Considered as one of the bench planes, jack planes have more accuracy and flattening capability than the scrub. This is an efficient follow-through of the scrub plane as it continues to rough out the piece of wood being worked on.

Used for the final flattening of boards, the jointer plane is also utilized for jointing thus its name. Thereafter, the smoothing plane is used to “smooth” out of the rough edges. It is used to begin preparing the surface for finishing.

The last plane that is used in this order of use is the polishing plane. To create an extremely smooth and even surface, this traditional Japanese woodworking tool has an even smaller shave.

Meanwhile, you could be picking a particular hand plane based on its usage. There are several factors to consider based on what you would be using the hand plane for.

Known as the most versatile hand plane among the other hand planes in this category, the bench planes are used both for straightening the pieces of a woodworking project and giving it a smooth, final finish.

The reason why it is called a bench plane is that it is commonly used in a woodworking bench rather than on site. Bench planes can be used in cutting end grain and employed along the grain of the wood.

There are 4 types of bench planes namely the smoothing planes, fore planes, jointer planes and jack planes which are used in different stages of woodworking.

Another type of hand plane is the block plane. Characterized as a small tool that can be used with one hand, there are a lot of uses of the block plane.

It can be used to effectively make a bevel or chamfer. Also, it can trim and smooth end grain which is its main purpose. Also, it can work wonders on the joint that is sticking out slightly wherein this tool can be used to run over it.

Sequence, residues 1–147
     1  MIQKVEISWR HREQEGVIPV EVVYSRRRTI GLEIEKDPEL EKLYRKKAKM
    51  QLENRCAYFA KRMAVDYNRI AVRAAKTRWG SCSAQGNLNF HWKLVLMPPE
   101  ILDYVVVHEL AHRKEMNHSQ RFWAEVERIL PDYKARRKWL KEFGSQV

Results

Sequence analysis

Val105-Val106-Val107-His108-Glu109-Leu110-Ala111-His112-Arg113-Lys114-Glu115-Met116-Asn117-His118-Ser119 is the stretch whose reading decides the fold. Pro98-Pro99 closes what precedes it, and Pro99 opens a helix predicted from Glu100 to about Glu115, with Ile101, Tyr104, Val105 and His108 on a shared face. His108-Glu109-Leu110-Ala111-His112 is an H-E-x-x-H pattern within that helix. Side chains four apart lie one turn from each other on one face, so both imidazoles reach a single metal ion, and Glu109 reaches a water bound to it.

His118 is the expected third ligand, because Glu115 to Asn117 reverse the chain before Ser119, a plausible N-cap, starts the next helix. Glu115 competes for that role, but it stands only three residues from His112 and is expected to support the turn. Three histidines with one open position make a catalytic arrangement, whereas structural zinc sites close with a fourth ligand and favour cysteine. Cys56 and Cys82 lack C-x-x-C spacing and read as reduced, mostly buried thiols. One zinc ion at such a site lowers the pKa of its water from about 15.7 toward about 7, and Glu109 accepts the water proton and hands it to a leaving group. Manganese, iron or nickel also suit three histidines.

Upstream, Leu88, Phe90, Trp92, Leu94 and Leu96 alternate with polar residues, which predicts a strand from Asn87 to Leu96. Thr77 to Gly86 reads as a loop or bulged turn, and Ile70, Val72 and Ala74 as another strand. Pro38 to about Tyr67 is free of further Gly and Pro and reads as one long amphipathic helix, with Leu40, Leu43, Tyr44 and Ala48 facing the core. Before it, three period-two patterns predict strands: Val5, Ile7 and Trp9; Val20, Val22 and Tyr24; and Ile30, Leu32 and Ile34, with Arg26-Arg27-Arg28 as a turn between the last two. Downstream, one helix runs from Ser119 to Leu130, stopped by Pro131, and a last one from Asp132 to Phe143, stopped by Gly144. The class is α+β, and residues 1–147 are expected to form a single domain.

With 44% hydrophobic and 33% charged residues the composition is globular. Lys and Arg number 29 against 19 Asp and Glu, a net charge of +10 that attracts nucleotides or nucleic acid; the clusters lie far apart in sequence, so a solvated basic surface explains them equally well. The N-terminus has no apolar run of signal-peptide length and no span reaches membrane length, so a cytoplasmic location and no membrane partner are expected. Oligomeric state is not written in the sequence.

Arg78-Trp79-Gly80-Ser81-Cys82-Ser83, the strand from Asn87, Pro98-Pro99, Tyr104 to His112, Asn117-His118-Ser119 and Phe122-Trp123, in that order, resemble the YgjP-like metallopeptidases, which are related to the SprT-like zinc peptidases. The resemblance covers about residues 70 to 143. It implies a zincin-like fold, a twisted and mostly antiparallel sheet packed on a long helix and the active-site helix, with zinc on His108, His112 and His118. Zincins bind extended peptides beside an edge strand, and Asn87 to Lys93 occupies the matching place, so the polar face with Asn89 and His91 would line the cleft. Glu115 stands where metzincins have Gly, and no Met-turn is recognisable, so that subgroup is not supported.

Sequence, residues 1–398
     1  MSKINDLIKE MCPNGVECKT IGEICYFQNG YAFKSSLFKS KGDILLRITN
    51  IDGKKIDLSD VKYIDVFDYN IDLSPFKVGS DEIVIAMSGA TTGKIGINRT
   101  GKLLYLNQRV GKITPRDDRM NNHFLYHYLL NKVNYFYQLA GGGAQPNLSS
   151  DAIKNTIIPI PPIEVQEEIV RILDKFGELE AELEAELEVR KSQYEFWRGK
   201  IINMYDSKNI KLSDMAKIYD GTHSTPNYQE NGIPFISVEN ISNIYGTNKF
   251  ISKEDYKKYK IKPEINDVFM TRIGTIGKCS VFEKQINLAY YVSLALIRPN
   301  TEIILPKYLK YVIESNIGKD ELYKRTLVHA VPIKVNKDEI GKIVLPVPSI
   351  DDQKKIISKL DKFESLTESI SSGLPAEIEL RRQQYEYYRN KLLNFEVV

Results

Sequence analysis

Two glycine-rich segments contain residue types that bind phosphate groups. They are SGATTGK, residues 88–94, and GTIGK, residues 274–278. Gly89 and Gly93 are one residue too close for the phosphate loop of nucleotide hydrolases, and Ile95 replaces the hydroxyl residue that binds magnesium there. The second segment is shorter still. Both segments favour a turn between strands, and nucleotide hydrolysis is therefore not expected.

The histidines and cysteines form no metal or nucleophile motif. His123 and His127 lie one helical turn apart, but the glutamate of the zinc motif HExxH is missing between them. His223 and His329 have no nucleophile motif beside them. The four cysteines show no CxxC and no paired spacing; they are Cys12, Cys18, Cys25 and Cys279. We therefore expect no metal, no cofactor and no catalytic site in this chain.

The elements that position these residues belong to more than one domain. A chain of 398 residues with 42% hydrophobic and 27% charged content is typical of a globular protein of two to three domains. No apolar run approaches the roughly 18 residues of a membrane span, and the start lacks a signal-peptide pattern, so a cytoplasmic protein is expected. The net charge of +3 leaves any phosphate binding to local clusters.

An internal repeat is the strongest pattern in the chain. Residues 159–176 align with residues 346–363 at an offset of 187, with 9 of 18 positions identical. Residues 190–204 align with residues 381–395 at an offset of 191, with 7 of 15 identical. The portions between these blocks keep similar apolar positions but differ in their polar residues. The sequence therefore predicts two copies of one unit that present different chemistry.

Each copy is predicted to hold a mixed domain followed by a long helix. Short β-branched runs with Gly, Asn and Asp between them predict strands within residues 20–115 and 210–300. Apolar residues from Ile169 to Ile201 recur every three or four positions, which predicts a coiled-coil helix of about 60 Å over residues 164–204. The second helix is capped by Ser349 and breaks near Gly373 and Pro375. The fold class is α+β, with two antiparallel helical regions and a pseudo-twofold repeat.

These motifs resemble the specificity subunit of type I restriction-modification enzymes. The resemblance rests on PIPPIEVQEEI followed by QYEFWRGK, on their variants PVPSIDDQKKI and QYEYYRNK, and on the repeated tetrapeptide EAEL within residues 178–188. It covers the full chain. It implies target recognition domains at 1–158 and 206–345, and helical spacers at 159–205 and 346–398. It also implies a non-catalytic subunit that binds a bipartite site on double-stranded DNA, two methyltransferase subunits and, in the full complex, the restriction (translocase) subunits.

A popular use of block plane is for fitting doors and other parts. It can be employed as well to erase machine-milling marks on wood.

Meanwhile, there are distinct hand planes for specialized purposes. These are called specialized plans which help make special decorative shapes, grooves and mouldings. Most of the specialized planes these days are made of metal.

Conclusion:

Hand planes hold a vital role in a woodworking task. There are some techniques you need to remember prior to buying. You would have to ponder on what stage of woodworking job you are on.

Are you needing to cut off a big chunk of wood? Go for a scrub plane. If you are looking for a hand plane for a final finish, then have a polishing plane.

Also, the materials that it is made from could help you as well. You can do well with either wood or metal depending on how you are comfortable with either one.

Given the types of planes provided, you may be able to consider what to purchase the next you visit any hardware or look through online shops.

If you are seeking for more information, you may get some help from a manufacturer’s guide or from a woodworking expert in your local woodworking store.Please let me know what you think about this article and comment below.